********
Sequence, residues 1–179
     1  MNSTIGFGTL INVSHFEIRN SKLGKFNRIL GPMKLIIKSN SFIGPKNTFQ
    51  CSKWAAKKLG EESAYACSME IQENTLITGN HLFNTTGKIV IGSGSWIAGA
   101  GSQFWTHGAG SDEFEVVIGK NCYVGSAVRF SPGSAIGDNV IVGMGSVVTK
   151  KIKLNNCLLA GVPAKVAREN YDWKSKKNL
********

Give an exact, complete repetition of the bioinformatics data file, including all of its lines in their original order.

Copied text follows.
Sequence, residues 1–179
     1  MNSTIGFGTL INVSHFEIRN SKLGKFNRIL GPMKLIIKSN SFIGPKNTFQ
    51  CSKWAAKKLG EESAYACSME IQENTLITGN HLFNTTGKIV IGSGSWIAGA
   101  GSQFWTHGAG SDEFEVVIGK NCYVGSAVRF SPGSAIGDNV IVGMGSVVTK
   151  KIKLNNCLLA GVPAKVAREN YDWKSKKNL